1. GM needed to reach a certain level of units sold before they would crank up the Holland plant. 2. The DOE funds wet for "training" and not for salaries. Their current wages are only from LG Chem and not the taxpayer.
      Rotation
      • 2 Years Ago
      I dont like it when these companies are gaming the system. I'm less annoyed by Solyndra or such that actually tried to make stuff and failed than companies who just took the money and faked everyone out. When the government is trying to create some economic momentum, it'd be great if companies didn't undermine the efforts by packing the money up and shipping it overseas to fund plants there.
        2 wheeled menace
        • 2 Years Ago
        @Rotation
        It'd be great if our government could actually vet these companies better before investing. But it's not their money on the line, it's yours. That's the problem with mixing government with business.
          Rotation
          • 8 Months Ago
          @2 wheeled menace
          LG Chem is a good company. Solyndra wasn't a bad company, their problems were mainly that China got hugely into the solar panel subsidy business. A123 turned out to have problems with their business, but I don't think those would have been apparent in vetting. In short, sometimes the problem isn't vetting.
          brotherkenny4
          • 8 Months Ago
          @2 wheeled menace
          Check out the success rate for Bain Capital. Far lower than the US government success rate. You have to realize that the bad news is way overblown because it is the government. But what percent of this project did you personally pay for? Was it a buck or a dime? Did you even spend a dime? I doubt you have more personally invested in this project than you have accidentally dropped on the ground and lost in the last few months. People need to get some perspective. Have we spent more on losing companies for tech that would replace oil than we have spent on one month of operations in Iraq and Afghanistan? No.
          EZEE
          • 8 Months Ago
          @2 wheeled menace
          I know, solyndra was a great company. Purely innocent in its deals and way it went down. Meanwhile, from multiple sources....: When it was completed at an estimated cost of $733 million, including proceeds from a $535 million U.S. loan guarantee, it covered 300,000 square feet, the equivalent of five football fields. It had robots that whistled Disney tunes, spa-like showers with liquid-crystal displays of the water temperature, and glass-walled conference rooms. I want a robot that whistles Disney tunes....
          Marco Polo
          • 8 Months Ago
          @2 wheeled menace
          @ Rotation I agree. Innovative technology is a high risk investment area. The US governments record in the last 5 years has been better on average, than private enterprise.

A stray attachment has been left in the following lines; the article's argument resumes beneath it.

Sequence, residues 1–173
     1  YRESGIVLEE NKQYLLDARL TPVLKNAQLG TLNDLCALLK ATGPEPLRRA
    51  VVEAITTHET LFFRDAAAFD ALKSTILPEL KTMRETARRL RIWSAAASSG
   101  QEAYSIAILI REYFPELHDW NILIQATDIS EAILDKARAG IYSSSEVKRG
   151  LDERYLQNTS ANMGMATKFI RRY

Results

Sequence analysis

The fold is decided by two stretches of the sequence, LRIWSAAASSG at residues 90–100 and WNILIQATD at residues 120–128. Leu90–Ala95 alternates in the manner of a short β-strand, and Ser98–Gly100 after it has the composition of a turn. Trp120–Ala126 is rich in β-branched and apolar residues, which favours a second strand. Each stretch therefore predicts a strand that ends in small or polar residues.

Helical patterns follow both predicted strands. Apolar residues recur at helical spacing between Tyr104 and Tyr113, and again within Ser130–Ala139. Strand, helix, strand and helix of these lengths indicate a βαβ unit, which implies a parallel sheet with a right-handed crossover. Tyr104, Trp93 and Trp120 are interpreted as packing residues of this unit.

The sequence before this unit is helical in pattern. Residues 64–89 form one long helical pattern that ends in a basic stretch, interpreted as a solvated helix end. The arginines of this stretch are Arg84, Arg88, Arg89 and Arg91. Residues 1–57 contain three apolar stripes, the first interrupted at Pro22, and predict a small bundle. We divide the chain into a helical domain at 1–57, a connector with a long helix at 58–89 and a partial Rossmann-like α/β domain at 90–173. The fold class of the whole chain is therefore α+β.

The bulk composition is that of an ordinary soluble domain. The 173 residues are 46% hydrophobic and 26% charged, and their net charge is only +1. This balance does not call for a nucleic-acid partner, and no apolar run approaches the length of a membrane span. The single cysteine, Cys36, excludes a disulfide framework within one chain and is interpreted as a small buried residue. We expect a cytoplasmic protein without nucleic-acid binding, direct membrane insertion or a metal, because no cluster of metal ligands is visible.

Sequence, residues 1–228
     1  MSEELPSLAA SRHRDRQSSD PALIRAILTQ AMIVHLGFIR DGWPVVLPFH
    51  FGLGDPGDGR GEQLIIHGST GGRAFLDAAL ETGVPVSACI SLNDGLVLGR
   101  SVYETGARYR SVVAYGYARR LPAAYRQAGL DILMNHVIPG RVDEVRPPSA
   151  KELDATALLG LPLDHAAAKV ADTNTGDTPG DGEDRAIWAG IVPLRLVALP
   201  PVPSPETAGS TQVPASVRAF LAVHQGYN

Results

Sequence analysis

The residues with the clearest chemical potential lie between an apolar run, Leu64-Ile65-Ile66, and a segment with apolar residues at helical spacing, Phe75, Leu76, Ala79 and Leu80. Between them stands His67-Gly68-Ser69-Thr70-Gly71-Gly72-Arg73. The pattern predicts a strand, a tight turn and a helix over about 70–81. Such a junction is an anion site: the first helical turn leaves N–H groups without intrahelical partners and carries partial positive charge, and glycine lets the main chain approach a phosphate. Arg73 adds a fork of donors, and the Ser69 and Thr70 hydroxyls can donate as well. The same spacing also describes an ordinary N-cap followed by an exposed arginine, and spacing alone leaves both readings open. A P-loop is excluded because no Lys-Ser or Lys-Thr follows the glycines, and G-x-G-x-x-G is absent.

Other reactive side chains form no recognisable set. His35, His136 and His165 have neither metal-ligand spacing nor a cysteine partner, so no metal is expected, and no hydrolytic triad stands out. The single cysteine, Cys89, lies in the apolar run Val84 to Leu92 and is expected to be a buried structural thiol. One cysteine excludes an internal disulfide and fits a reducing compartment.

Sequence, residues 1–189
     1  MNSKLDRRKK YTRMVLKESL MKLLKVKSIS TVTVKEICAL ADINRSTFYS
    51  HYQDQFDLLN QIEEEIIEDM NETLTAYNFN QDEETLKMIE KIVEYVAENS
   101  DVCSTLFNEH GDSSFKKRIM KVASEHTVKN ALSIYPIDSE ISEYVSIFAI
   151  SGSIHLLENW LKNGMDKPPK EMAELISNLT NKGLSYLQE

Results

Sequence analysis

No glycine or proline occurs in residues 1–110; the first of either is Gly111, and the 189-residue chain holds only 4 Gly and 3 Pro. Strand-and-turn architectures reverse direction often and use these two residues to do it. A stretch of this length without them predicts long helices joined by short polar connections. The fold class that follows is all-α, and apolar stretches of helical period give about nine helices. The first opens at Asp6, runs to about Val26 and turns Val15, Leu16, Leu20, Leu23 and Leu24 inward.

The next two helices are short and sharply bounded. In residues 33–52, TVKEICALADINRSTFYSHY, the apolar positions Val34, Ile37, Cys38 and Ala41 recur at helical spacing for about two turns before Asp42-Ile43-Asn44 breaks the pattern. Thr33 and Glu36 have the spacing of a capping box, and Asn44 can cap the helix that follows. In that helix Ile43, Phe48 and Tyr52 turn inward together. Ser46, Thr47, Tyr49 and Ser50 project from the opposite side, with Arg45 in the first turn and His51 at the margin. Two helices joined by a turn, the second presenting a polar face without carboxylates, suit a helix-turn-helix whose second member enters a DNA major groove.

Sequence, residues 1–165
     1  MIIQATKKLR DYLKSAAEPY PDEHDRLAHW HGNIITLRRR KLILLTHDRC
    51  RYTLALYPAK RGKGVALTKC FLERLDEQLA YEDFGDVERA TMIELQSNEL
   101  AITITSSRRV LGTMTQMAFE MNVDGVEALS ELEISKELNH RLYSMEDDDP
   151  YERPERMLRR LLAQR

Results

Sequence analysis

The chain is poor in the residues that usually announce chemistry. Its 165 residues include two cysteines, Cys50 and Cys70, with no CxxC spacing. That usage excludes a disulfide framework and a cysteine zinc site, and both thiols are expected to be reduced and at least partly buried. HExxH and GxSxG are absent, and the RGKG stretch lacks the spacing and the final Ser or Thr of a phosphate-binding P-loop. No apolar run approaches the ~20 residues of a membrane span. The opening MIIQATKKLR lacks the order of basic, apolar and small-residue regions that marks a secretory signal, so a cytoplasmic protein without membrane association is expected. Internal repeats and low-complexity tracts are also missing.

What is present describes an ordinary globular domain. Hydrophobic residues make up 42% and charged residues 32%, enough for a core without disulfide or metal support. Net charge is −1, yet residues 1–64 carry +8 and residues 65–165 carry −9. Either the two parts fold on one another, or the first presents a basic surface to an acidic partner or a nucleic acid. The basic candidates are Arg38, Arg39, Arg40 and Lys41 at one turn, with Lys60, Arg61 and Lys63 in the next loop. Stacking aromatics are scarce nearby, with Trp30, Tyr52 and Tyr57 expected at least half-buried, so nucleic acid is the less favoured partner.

Pandabear
      • 2 Years Ago
      Did they find out why they didn't start the production? Is it because of quality / reliability issue? or did they decide it is not worth doing?
      brotherkenny4
      • 2 Years Ago
      "In 2011, Lux Research ranked LG Chem tops in the lithium-ion battery industry, but this audit will certainly put a scuff on that shine." Not likely. In the business world people know what reality is, and it is not some opinion spun up by self important judgers from a research group. LGChem is doing very well and making money and that won't change even if they never make battery one for the Volt. Someone else will buy that capacity. Spin jobs are typical only in the fluffy world of "NEWS". Our "NEWS" is owned by oil.
      EVSUPERHERO
      • 2 Years Ago
      LG Chem and A123 clamor after OEM contracts. The car manufactures then demand such cheap prices that companies like A123 and LG Chem cannot stay in business. What a great way to make sure EV's never become mainstream.
        Rotation
        • 8 Months Ago
        @EVSUPERHERO
        LG Chem is not going out of business any time soon.
        brotherkenny4
        • 8 Months Ago
        @EVSUPERHERO
        A123 is no longer at risk either. No one in the US will make any money, but we'll still get batteries. As always, the US is okay at developing products, but if that product threatens any current markets it gets killed. The Koreans and the Chinese don't care one bit about oil and the oil industry, but everyone in the US does. We prefer to send our sons and daughters to die on foriegn soil for the benefit of a single industry, rather than use muscle and brains to build a better future.
      Giza Plateau
      • 2 Years Ago
      Gangnam style : )
      carney373
      • 2 Years Ago